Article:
How Are Wood Pellets Made?

Made from compacted organic raw materials—including sawdust, bark, wood chips, waste paper and agricultural crop waste—wood pellets are an effective clean energy alternative to fossil fuels and a renewable energy resource.

The raw organic materials are prepped by removing any small particles of metal or stone and are then reduced into small pieces with a hammer mill or shredder. The material is then dried until it is free of most moisture.

Wood stove pellets are then put into a compression device called a pellet mill. Heat and pressure are used to bind the material—whether it’s sawdust, bark, wood chips or some other product—into its pellet shape. Each material is different, as the density of the wood stove pellet affects its combustion efficiency and, therefore, how clean it burns and how effectively it heats your home.

A pile of wood pellets

Wood stove pellets are made from organic raw materials—such as sawdust, bark and waste paper—and are generally packaged in 4-pound bags

Wood stove pellets look like a rabbit food, with a maximum length of one-and-a-half inches and a diameter of one-quarter to five-sixteenths of an inch.

Pellets are usually sold in 40-pound bags costing $3 to $4 each, or anywhere from $120 to $200 per ton. In general, homes that use wood stove pellets as the main source of heat use two to three tons per year. This is often less expensive than electric, propane, natural gas or oil heating appliances.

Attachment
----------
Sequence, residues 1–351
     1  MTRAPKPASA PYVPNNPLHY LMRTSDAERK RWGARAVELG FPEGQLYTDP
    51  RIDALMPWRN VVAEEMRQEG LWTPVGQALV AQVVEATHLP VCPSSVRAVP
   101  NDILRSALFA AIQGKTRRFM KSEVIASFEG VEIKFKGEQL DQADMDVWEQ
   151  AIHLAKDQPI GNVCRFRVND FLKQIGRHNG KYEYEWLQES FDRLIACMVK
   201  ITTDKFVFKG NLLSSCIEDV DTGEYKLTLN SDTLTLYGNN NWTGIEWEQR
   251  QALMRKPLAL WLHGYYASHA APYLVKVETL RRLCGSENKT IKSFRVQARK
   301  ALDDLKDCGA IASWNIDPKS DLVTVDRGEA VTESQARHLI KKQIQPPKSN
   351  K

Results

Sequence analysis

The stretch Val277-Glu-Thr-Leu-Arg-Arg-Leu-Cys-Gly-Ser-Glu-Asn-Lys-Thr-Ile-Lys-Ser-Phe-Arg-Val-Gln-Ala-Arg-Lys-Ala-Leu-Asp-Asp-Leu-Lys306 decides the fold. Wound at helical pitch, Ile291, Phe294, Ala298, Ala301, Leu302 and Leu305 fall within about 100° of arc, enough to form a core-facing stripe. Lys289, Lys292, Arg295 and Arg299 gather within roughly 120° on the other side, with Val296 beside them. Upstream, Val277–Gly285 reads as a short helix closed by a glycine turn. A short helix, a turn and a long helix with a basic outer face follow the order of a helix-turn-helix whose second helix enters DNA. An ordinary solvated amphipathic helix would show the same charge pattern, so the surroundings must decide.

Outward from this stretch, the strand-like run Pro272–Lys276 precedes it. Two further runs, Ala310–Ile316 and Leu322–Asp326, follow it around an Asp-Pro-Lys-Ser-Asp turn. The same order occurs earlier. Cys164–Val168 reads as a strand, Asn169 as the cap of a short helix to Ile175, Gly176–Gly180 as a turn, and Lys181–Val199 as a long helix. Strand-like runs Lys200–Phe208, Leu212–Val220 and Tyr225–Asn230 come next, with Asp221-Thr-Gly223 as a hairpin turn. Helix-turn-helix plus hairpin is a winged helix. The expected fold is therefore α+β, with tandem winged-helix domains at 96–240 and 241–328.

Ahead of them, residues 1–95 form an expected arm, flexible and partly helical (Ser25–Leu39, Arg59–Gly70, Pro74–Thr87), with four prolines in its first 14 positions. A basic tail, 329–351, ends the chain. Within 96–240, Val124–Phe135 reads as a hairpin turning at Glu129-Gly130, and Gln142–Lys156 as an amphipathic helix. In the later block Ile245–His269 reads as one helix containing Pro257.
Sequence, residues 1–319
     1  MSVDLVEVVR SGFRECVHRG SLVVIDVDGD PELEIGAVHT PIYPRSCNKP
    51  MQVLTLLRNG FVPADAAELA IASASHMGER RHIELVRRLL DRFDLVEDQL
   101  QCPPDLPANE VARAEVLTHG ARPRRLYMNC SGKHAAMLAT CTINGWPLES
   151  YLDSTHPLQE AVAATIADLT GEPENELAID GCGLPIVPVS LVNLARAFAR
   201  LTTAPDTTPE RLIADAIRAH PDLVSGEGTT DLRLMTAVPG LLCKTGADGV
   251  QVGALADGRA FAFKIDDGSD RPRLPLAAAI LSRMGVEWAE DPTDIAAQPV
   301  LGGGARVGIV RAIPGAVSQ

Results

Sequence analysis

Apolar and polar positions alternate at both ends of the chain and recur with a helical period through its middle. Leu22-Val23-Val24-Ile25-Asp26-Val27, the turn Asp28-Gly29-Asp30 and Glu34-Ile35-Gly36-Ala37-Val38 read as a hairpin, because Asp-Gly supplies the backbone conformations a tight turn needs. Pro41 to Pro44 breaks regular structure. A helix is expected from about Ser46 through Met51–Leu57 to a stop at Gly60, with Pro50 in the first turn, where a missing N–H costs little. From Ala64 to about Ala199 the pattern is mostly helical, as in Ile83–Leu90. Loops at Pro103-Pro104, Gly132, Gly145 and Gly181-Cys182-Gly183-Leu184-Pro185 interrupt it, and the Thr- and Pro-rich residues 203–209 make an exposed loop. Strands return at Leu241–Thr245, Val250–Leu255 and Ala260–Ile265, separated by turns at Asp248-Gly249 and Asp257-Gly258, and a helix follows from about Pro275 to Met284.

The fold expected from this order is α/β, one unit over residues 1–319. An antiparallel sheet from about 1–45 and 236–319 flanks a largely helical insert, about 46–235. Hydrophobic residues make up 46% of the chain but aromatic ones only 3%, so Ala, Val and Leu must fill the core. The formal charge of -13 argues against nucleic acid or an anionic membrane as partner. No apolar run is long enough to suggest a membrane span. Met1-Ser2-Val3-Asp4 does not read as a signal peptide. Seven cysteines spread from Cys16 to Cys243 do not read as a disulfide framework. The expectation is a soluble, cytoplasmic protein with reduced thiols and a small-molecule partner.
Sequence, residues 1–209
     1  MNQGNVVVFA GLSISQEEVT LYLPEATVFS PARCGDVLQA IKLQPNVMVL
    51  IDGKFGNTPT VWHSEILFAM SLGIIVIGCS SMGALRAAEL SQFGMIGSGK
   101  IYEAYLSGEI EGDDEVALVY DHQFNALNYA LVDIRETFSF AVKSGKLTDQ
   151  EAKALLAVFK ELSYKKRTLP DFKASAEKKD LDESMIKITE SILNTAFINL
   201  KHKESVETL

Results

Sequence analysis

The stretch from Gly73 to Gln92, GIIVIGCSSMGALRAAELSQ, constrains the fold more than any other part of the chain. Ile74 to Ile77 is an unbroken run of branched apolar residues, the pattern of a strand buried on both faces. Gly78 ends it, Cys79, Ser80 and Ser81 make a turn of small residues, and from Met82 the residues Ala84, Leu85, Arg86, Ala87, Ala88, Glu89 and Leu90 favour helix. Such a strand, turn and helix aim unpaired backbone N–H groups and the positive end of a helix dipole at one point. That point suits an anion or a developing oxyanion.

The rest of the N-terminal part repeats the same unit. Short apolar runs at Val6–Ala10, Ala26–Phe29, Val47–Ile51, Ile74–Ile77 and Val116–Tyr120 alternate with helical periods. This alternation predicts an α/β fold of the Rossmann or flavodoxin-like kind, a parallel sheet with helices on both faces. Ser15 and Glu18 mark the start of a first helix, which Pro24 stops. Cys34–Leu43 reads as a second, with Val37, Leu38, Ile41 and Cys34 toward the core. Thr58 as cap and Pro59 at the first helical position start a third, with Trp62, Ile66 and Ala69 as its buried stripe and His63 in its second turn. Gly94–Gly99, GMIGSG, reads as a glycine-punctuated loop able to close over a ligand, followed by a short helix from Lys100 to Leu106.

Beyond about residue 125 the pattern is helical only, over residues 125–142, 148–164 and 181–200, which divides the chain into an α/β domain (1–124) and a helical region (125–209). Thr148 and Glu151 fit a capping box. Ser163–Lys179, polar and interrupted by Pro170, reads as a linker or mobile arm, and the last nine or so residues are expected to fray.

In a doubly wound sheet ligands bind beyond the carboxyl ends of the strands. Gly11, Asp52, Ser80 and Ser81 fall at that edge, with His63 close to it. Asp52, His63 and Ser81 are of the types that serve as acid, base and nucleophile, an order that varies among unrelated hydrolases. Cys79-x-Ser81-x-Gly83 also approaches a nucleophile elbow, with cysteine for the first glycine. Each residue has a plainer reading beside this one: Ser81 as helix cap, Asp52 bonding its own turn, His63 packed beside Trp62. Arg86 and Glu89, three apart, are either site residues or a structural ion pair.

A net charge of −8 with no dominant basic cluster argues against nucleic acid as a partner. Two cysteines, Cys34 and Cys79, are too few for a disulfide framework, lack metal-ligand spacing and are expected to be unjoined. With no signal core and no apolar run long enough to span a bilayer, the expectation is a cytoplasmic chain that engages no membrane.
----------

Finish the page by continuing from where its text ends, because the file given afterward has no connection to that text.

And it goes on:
When considering hard versus soft wood pellets, it’s important to note that most stoves will work with either and how the pellet is made is often more important than the wood used. Softwood pellets generally burn hotter and have less ash versus hardwood pellets. This is unlike regular wood-burning stoves where hardwood burns slower and therefore gives off more heat than softwood.

There are two wood stove pellet fuel grades according to The Pellet Fuels Institute (PFI) standards: standard and premium. What differentiates the grades is the inorganic ash content. Premium pellets produce less than 1% inorganic ash, while standard pellets should produce less than 3%.

Five characteristics apply to both grades. Standard and premium pellets have regulated densities, diameters, lengths, sodium contents, and fines, or dust amounts. How can you check the quality of a wood stove pellet? Inspect the pellet bag for excessive dirt and dust—there should be less than half-a-cup of dust at the bottom of a 40-pound bag. The less of either the better; dirt can build up and make stoves less efficient.

Aside from heating, wood stove pellets are often used as horse bedding and cat litter. The ultra-absorbent, biodegradable pellets often eliminate odors and are easily disposable. Hickory woods are sometimes used to produce pellets for specially created barbecue grills.

Since ash has essential nutrients found in soil, ash from pellets can be used on plants. Be sure to check the bag’s label to see if the pellets are made with—and held together—by lignin, a natural component of wood, while also checking to see if your particular plant species can benefit from wood-based ash.

Call Ricardo Corporation today at (508) 992-0169 to learn more about how you can save on your heating costs.